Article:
Musk Not Worried About Tesla Model 3 Demand, Wall Street Thinks Otherwise

Tesla shares fell on Thursday as Wall Street wondered if demand for its Mass-market Model 3 sedan Might be sustained while it tries to make Significant inroads in China.

Chief Executive Officer Elon Musk said he sees higher demand for its Model 3, as the electric car maker begins to ship cars to Europe and Asia out of the Fremont, California factory.

“The critical Model 3 price construction seems to be improving with both scale and production experience, together with the company expecting a 25 percent gross margin”at some point” through 2019″ Canaccord Genuity analysts said.

The company estimated that Model 3 production at its Freemont plant will grow to 7,000 cars, and its Shanghai factory will build 3,000 Model 3s per week by year’s end.

“The profitability picture for Tesla looks inviting… with Musk & Co giving some good granularity around projections for 2019 on the demand and production fronts, with ample cash to pay its upcoming debt payment which is around the corner,” Wedbush analysts said in a notice.

But some analysts were concerned by Tesla’s sign it is only making cars for China and Europe at this time, and anticipates that a gap of about 10,000 automobiles involving production and deliveries due to automobiles in transit at the end of the first quarter.

“That is a powerful sign that demand in the united states for both the mid-range and long-lived Model 3 versions has largely been drained, and the provider is working through the estimated ~6.8k of unsold Model 3 inventory,” Cowen analysts said.

The company’s shares, which dropped as much as much as 4.7 percent in morning trade, pared the majority of their losses to exchange down 0.3 percent at $307.77 (approximately Rs. 21,900).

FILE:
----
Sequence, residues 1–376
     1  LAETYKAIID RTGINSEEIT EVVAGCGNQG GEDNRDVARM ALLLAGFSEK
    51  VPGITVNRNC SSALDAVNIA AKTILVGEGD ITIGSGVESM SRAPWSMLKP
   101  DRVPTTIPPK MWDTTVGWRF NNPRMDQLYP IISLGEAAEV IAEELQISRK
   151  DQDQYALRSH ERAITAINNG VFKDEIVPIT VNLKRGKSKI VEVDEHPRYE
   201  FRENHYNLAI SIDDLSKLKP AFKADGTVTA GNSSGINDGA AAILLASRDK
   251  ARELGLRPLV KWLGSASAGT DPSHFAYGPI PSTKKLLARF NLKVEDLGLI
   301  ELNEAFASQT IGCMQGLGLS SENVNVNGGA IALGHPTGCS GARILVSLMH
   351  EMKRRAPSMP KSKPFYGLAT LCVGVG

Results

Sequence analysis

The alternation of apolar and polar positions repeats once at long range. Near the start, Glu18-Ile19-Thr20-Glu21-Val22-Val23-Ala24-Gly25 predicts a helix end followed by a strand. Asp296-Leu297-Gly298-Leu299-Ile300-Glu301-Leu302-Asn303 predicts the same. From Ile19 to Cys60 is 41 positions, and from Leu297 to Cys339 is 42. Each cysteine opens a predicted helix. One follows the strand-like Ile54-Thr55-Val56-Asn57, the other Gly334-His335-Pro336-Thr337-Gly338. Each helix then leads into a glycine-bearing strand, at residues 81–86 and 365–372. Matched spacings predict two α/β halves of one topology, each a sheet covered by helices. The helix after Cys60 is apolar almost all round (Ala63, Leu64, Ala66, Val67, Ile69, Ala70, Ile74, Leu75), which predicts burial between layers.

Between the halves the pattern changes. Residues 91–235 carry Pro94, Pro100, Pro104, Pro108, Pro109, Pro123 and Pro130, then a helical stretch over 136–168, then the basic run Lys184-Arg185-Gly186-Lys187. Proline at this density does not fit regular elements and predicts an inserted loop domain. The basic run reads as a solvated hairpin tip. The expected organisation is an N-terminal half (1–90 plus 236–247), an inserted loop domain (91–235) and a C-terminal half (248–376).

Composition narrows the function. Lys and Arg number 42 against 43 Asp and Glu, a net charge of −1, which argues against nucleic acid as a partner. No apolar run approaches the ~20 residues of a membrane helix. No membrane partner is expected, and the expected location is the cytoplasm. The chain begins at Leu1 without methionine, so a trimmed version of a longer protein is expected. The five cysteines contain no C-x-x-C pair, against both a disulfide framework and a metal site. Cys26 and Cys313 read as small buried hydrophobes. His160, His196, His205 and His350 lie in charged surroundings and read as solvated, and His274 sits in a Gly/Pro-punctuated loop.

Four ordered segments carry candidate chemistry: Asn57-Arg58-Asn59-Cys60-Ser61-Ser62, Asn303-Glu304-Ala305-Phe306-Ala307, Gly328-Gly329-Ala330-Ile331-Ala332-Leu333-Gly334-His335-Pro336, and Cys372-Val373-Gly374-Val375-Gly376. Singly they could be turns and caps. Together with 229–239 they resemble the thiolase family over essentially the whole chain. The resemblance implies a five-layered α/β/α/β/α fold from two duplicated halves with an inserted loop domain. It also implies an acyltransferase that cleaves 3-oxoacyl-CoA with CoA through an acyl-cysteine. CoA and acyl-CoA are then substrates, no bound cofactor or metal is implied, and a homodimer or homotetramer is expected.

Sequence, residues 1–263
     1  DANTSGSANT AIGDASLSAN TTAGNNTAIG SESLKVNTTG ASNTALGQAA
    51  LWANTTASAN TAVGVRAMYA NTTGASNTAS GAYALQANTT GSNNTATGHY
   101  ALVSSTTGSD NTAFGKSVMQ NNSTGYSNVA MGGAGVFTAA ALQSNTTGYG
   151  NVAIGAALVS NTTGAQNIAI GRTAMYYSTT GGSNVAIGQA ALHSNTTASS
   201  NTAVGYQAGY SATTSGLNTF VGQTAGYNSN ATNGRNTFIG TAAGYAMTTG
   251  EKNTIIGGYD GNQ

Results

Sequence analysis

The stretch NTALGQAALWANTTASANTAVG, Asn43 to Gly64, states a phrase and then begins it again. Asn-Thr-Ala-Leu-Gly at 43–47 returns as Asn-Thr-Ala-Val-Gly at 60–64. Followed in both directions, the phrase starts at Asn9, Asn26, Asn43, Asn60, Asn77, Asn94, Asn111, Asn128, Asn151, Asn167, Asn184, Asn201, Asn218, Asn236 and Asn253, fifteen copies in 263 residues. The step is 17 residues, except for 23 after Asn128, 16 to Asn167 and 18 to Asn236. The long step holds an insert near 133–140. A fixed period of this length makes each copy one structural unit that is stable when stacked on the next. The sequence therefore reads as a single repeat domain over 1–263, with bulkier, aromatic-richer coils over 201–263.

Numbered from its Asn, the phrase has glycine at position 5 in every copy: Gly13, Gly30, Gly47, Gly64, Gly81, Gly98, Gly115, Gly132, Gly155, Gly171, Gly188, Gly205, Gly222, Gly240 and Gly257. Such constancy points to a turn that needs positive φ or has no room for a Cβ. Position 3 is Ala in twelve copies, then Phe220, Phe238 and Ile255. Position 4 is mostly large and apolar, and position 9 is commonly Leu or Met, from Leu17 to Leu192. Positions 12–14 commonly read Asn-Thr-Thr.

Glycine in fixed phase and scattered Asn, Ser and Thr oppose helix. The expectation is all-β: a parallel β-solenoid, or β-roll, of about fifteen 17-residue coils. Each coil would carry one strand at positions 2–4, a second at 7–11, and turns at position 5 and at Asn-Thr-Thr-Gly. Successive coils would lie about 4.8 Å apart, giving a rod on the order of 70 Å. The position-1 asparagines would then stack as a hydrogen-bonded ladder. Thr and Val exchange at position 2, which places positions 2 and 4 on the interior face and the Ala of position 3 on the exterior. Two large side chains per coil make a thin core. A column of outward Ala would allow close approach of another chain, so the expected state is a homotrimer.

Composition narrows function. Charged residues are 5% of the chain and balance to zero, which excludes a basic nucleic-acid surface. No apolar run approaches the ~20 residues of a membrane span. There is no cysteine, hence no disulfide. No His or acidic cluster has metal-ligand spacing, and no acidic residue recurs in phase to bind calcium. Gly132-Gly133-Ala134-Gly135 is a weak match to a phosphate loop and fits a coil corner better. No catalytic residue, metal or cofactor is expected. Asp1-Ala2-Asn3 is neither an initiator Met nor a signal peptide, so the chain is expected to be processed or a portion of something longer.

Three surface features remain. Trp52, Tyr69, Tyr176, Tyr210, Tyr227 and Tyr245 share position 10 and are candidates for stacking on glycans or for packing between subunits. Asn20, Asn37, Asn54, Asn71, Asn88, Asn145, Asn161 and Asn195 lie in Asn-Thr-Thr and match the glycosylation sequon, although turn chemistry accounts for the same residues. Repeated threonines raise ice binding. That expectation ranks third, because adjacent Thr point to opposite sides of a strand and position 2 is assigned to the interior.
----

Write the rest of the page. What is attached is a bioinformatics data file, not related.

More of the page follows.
Tesla is pumping money into the Shanghai mill, which it expects to bring on line at the end of the year with a goal of producing 500,000 vehicles annually. But several analysts asked whether the investment would pay off.

“Tesla serves the purpose of a’stalking horse’ into the fast growing domestic Chinese EV business, but we think it has limited to zero terminal worth in a region where a range of domestic winners should emerge,” Morgan Stanley analysts said.

Tesla’s weaker-than-expected fourth quarter profit, and its announcement that Chief Financial Officer Deepak Ahuja would depart and hand over the reins into 34-year-old Zach Kirkhorn, its vice president of finance, surprised investors, sending shares lower on Wednesday.

JPMorgan analysts warned that Ahuja’s departure deprived the business of long automotive sector experience and relative stability in a company that has seen a steady flow of senior employees come and go because 2016.

The company is striving to stabilise production and deliver consistent profit.

Of those 31 brokerages covering Tesla, 10 have a”buy” or higher score, 10″grip” and 11 have a”sell” or lower rating and their median price target is $327.50.

Only five altered their price targets on Thursday, with three raises and two cuts.